I recently had a chat with a friend on Facebook who asked me to give him some tips about writing. I thought I’d post part of my reply for you – there maybe some useful ideas here for you too.
Based on your writing in the message you sent me, you don’t need a writing course. You know how to write. And you’re good. So just write. Pick a subject or a character or a chapter or a part of your story and just sit down and write about it. Edit later.
Make a cup of tea and get a tasty snack to munch on while you write – dark chocolate coated licorice is my favourite. And commit to sitting for 20 minutes or an hour, or a day or whatever amount of time you want. And just write. Write from the heart. Ask yourself… What am I really trying to say here? What feeling do I want to create in the reader? You will find your unique voice. And I find that the more I write, the more inspired I am to write more.
I’ve mapped out the chapters in my novel – I’m writing my autobiography – and I just pick a time in my life, or a place, or a person, or a moment, and write about it. All those parts will one day add up to the whole story. Some parts of my life I’m not interested in writing about, but they are important to the story, so I have decided to write them last.
Writer’s block does surface from time to time. If you get writer’s block I do what I call ‘free writing’ – I just gets words on the page about the subject, whatever I feel even if it makes no sense and is rubbish. I don’t worry about the quality. I just keep writing and slowly the words start to flow again and before you know it you’ve been sitting there writing for half an hour.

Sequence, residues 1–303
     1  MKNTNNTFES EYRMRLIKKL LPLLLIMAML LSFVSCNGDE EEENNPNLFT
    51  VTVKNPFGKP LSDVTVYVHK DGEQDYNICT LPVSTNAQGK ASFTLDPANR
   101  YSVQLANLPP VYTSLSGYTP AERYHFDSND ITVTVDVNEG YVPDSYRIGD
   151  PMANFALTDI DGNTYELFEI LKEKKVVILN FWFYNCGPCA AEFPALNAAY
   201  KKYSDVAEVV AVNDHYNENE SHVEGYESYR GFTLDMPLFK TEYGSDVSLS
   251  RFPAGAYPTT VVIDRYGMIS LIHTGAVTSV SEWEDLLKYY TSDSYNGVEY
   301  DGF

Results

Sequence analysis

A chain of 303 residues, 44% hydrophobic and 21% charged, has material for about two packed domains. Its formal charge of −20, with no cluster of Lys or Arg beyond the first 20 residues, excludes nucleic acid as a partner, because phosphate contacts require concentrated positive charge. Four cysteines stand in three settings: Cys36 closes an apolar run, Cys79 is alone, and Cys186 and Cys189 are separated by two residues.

Now even though I said you don’t need a writing course, there’s no harm in doing one. Great for confidence building. Even after 15 years of professional writing I still get plagued with self doubt at times and think I have no talent or ability. I think it’s just part of the creative person’s lot unfortunately! I got inspired to go to uni after doing a short course in creative writing at the local community centre so maybe have a look around your local area.
Google is a great resource for things like style, standard plot and tips. I also used a brilliant book when I first started writing called Writing down the Bones by Natalie Golberg. It has some excellent writing exercises – writing is like anything, you need to practise it to improve.
I also would suggest a blog. Do you have one? I must admit I don’t get much time to post in mine anymore, but they are fun and a good way to keep writing. I also follow a lot of writers on twitter – great for sharing inspirational quotes and asking questions. Maybe make some new twitter friends who write!
So just start writing – good luck and have fun!
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